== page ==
A new strain of Android ransomware, which disguises itself as a legitimate application, has been discovered to be utilizing the Extensible Messaging and Presence Protocol (XMPP) for instant messaging, to receive commands and to communicate remotely with the server that controls the malicious installation.

According to a report on this subject, it seems that the new sophisticated methods of communication are paying off for those who are operating the crypto-ransomware attack. Once the seemingly innocent application has been provided with administrative permissions, it immediately goes to work exploiting the Android operating system. The frighteners are then introduced to the end-user when the virus presents itself and claims to have encrypted the users files on behalf of the United States National Security Agency (NSA).


Ofer Caspi of Check Point Software Technologies has presented evidence that not only are the majority of the affected individuals residing within the United States, but that approximately 10-percent of those who have been presented with the ransomware have chosen to hand over a “ransom” of between $200 and $500 to gain back access to their files on the infected device. It is believed that the individuals behind the attack have pocketed somewhere close to half a million dollars from the scam. Although in reality, the actual figure could be significantly higher than this.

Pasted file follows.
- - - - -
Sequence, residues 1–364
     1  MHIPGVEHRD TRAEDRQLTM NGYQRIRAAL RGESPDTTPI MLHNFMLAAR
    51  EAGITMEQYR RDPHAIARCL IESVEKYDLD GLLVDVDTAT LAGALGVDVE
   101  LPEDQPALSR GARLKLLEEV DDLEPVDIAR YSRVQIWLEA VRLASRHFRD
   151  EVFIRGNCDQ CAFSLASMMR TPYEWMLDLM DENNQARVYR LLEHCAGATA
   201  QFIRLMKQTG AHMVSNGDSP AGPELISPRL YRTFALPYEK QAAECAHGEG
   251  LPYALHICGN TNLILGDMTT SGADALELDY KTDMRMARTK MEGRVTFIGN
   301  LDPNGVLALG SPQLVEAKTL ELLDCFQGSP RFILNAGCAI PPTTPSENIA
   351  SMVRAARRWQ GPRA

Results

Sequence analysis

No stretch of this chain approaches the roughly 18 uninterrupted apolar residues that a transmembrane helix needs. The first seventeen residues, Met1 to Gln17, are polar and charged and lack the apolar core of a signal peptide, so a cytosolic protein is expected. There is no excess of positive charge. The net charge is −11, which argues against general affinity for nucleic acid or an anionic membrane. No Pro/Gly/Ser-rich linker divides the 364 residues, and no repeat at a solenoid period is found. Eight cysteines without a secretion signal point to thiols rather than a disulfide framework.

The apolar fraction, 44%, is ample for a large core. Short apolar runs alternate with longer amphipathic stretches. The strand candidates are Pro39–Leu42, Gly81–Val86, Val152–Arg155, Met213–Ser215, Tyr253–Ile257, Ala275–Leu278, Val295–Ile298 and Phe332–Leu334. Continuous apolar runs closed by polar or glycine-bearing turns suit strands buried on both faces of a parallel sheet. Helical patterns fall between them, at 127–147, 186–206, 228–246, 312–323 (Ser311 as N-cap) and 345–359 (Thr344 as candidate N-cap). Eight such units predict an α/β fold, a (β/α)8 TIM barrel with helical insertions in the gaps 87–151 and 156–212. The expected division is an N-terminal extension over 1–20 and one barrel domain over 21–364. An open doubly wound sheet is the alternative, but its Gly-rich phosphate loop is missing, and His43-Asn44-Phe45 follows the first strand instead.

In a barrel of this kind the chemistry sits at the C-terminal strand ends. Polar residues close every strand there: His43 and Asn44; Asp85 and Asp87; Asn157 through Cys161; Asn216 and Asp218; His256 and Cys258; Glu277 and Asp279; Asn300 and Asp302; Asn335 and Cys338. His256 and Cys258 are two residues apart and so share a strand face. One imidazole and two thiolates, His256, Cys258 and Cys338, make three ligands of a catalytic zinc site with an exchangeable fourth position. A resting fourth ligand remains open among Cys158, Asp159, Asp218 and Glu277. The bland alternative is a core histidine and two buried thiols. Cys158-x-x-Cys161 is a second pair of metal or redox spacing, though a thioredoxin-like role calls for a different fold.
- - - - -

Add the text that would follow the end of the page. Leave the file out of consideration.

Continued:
The installation of the infected application seems innocent enough. It works under the pretense that NSA is involved, and seemingly the use of threatening and aggressive language, including threats of fines pertaining to copyright violations has convinced a tenth of those affected to err on the side of caution and pay the ransoms. This isn’t the first time that the NSA insignia has been used to extort money from users, with historical malware such as Koler and Simplocker applying the tactic. Check Point discusses why the use of this tactic through XMPP is so effective:

Using XMPP makes it much more difficult for security devices to trace the malware C&C traffic as well as distinguish it from other legitimate XMPP traffic. It is also makes it impossible to block traffic by monitoring for suspicious URLs.

There’s no doubt that this new strain is a sophisticated, extremely sneaky piece of ransomware. Stay vigilant out there, folks, and remember that agencies such as the NSA will never present this type of message on a device.

(Source: Check Point)

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